“Each night, when we add a candle and the light grows steadily stronger, we realize once again the importance of being here in Israel, the only place in the world that is truly ours,” Fass adds. “Like the miracle of Hanukkah, this mini-miracle of our ability to return home to Israel is something that we want to publicize to the entire Jewish world.”


How to eat Hanukkah sufganiyot without guilt

By Jaime Geller/JNS.org

sufganiyotThe average Hanukkah sufganiya (jelly donut) has between 300 and 400 calories of nearly pure oil and fat. In honor of the miracle God bestowed on the Maccabees, making oil meant for just a day last eight days, the delicious donut and other traditionally oily Hanukkah foods become annual killers for your diet. For those who are health conscious but do not want to be deprived of the annual treat, here are three healthier recipes selected from Joyofkosher.com. Consider substituting or reducing ingredients further as needed for your diet.


Contributed by: Tamar Genger MA, RD on Joyofkosher.com

These baked donuts taste more like cake since they are not fried, but they are still very tasty. In addition, they use the healthier option of whole wheat flour.


Prep Time: 15 minutes

Cook Time: 15 minutes

Ready Time: 30 minutes

Servings: 12 mini-donuts



1 cup white whole wheat flour

3 tablespoons corn meal

1 teaspoon orange zest

1/4 cup + 3 tablespoons sugar

1 teaspoon baking powder

1/2 teaspoon salt

3 tablespoons liquid coconut oil

6 tablespoons coconut milk mixed with 1 teaspoon lemon or vinegar

1 egg white

1/2 teaspoon vanilla extract

1/2 cup chopped fresh cranberries

For the glaze:

1/4 cup fresh cranberries

1 tablespoon fresh squeezed orange juice

1/4 teaspoon vanilla

3/4 cup powdered sugar



• Preheat oven to 350 degrees F. Grease a nonstick mini-donut pan with cooking spray and set aside.

• In a large bowl, whisk the flour, cornmeal, orange zest, sugar, baking powder, and salt together.

• In a small bowl, whisk the coconut oil, the coconut milk mixture, egg white, and vanilla together. Add the wet and dry ingredients and fold in until just mixed, and add chopped cranberries. Stir until just mixed. Spoon into donut pan.

• Bake for 12-14 minutes.

• Make glaze. While donuts cool, in a small saucepan heat the cranberries and orange juice until they burst about 5 minutes.  Remove from heat, mash berries with fork, add powdered sugar and vanilla; stir well. Dip donut into glaze and serve.­



From Jaime Geller on Joyofkosher.com

Another recipe that forgoes frying in oil.


Prep Time: approximately 2 hours

Cook Time: 10-12 minutes

Ready Time: approximately 2-3 hours

Servings: 24 doughnuts



1 (1/4-ounce) package rapid rise dry yeast

1 tablespoon sugar

1/4 cup warm water

1 egg yolk

1 egg

1/4 cup sugar

1 cup 1% milk, warmed

3 1/2 cups all-purpose flour

Pinch of salt

3 tablespoons margarine or butter, cut into 9 pieces

Cooking spray

3/4 – 1 cup strawberry jam

Confectioners’ sugar for dusting



• Dissolve the yeast with the 1 tablespoon of the sugar in 1/4 cup warm water.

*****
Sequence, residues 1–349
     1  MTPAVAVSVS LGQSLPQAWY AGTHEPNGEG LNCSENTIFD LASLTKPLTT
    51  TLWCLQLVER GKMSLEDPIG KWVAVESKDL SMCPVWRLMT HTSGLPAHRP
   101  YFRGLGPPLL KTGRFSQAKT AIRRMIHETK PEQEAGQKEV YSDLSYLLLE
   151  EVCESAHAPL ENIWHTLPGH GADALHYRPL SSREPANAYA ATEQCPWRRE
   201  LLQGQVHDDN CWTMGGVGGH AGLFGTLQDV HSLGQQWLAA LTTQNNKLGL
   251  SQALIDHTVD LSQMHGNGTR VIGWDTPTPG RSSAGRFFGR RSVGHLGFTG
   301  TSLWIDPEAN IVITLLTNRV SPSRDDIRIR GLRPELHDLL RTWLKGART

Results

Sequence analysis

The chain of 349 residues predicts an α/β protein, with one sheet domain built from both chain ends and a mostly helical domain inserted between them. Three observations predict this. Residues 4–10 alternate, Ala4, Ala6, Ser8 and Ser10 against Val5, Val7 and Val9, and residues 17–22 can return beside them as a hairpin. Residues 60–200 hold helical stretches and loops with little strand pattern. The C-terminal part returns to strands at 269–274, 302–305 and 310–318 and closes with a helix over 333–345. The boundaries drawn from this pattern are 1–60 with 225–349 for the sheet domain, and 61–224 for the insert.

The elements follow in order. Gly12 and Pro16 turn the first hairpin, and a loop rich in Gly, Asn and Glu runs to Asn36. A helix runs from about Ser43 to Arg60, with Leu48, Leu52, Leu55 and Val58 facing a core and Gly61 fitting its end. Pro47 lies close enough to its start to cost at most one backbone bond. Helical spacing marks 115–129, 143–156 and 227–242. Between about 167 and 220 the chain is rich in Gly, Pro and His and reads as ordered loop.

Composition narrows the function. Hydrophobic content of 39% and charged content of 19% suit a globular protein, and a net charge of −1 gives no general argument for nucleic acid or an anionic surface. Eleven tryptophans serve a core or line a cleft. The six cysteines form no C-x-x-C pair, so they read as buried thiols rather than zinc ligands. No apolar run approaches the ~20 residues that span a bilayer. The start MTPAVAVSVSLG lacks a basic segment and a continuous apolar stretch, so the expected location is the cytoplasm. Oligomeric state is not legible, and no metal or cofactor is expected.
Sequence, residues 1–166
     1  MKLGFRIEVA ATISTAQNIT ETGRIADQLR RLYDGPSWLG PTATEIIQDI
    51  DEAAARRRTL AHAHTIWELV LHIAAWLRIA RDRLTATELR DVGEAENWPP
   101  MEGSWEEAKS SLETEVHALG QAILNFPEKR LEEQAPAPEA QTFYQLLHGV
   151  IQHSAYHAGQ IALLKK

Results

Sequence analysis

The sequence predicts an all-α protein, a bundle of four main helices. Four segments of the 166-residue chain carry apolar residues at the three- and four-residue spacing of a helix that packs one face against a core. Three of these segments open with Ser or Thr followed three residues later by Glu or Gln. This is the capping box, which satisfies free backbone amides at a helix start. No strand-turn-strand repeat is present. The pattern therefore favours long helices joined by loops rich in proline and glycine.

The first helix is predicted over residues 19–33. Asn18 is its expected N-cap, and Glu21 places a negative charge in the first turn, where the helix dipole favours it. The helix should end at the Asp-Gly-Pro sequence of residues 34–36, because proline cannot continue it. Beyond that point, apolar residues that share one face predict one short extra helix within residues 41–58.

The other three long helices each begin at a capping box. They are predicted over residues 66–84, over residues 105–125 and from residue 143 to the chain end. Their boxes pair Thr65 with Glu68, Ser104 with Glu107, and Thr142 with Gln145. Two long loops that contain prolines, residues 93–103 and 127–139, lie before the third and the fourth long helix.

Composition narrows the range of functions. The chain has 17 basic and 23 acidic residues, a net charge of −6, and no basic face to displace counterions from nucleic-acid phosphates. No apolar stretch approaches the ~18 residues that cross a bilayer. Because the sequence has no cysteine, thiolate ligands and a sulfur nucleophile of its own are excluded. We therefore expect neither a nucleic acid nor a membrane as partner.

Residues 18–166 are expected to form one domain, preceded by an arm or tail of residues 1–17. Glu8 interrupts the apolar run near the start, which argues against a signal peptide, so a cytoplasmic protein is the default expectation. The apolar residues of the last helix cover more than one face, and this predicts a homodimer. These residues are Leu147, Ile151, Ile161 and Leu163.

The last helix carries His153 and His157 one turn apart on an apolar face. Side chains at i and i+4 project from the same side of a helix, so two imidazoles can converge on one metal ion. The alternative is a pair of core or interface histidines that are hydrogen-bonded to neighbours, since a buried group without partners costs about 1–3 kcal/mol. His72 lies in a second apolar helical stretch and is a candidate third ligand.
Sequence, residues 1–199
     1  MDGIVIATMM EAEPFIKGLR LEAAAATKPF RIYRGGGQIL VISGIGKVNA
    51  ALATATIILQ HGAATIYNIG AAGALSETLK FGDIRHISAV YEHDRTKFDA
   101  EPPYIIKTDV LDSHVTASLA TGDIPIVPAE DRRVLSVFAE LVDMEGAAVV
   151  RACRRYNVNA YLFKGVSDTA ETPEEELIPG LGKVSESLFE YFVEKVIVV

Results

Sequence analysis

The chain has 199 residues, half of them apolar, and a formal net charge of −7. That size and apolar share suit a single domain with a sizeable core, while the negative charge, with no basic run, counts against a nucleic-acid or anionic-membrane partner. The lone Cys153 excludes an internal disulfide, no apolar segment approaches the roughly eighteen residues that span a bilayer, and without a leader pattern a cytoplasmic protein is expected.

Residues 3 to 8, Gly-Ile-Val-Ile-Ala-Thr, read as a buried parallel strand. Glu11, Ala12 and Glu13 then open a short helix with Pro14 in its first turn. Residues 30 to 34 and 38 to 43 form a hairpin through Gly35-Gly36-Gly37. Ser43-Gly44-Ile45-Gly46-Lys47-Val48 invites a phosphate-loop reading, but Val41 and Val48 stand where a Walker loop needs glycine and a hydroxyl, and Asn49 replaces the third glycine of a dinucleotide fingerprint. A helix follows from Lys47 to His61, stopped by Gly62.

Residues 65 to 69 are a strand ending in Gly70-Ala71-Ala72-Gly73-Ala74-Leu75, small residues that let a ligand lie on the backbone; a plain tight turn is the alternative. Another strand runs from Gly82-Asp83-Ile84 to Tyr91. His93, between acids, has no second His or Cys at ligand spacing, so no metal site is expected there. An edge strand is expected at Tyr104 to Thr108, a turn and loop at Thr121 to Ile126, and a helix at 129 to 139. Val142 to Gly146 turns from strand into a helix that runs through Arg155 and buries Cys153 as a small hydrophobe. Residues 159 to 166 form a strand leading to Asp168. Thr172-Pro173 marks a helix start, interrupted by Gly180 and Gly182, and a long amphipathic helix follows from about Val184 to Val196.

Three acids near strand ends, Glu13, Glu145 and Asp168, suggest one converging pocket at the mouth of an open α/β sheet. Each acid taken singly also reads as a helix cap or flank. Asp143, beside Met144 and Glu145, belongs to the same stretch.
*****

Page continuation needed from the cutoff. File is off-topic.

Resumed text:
• In a standing mixer with a paddle, beat egg yolk, egg, yeast mixture, 1/4 cup of sugar, and milk.

• With paddle going, add flour and salt.

• Add margarine one piece at a time. Dough should be sticky but elastic.

• Turn out dough onto floured surface. Knead once or twice. Shape into ball. Place in an oiled bowl, cover, and place in a warm area for at least an hour or until dough is doubled.

• Lightly grease 2 baking sheets.

• Divide dough in half. With lightly oiled hands, take approximately 2 tablespoons of dough and roll into ball. Place on greased baking sheet.

• Repeat with remaining dough, placing balls 2 inches apart (about 12 balls per baking sheet). Cover with a kitchen or tea towel and let rise 30 minutes. Preheat oven to 375 degrees F.

• Bake at 375 degrees F for 10-12 minutes or until golden. Remove from oven and let cool.

•Place jam in a pastry bag fitted with a medium pastry tip or use a small ziplock type of bag fitted with a medium pastry tip. Pastry tips are available at most craft stores.

• Press tip into donut and squeeze at least 1 teaspoon of jam into donut, or more if desired.

• Dust with confectioners’ sugar and serve.


If you don’t have a standing mixer, use a hand mixer for Step 2 and beat the egg yolk, egg, yeast mixture, sugar, and milk for about 1 minute. Knead the rest of the ingredients together by hand: first the flour, then the salt and margarine, one piece at a time, then proceed with Step 5.



From Jaime Geller on Joyofkosher.com

Try these apple zeppole as a changeover for doughnuts. The recipe itself is not low-fat, but the portions are bite-sized.


Prep Time: 8 minutes

Cook Time: 20 minutes

Ready Time: 28 minutes

Servings: 12



1/2 cup unsalted butter

1/2 cup water

1/4 cup granulated sugar

1/2 teaspoon cinnamon

1/4 teaspoon kosher salt

1 cup all purpose flour

4 large eggs

1 Granny Smith apple (about 1 cup), peeled and diced

Vegetable oil for frying

1/2 cup confectioner’s sugar

1/2 cup seedless raspberry jam

1 tablespoon orange juice


• In a medium saucepan, heat butter, water, sugar, cinnamon, and salt, and bring to a boil. Remove from the heat and add flour. Return to low heat and stir with a wooden spoon until the dough comes together and forms a ball. Continue to cook for 1 minute.

• Transfer dough to the bowl of a stand mixer. Beat on low speed with a paddle attachment for 1 minute or until cooled slightly. Add eggs one at a time. Add apple and mix until just combined.

• In a heavy medium-sized pan, heat oil to 350 degrees F on a candy or deep-fry thermometer. Using a 1-teaspoon scoop, carefully drop batter into hot oil and fry until golden brown, about 5 minutes. Remove with a slotted spoon and drain on paper towels. Repeat with remaining dough and dust with powdered sugar.

• In a small bowl, whisk together jam and orange juice and serve with zeppole.

Jamie Geller is the only bestselling cookbook author who wants to get you out of the kitchen – not because she doesn’t love food – but because she has tons to do. As “The Bride Who Knew Nothing,” Jamie found her niche specializing in fast, fresh, family recipes. Now hailed as the “Queen of Kosher” (CBS) and the “Jewish Rachael Ray” (New York Times), she’s the creative force behind Joyofkosher.com and Joy of Kosher with Jamie Geller magazine. Jamie and her hubby live in Israel with their five busy kids, who give her plenty of reasons to get out of the kitchen – quickly. Check out her new book, Joy of Kosher: Fast, Fresh Family Recipes.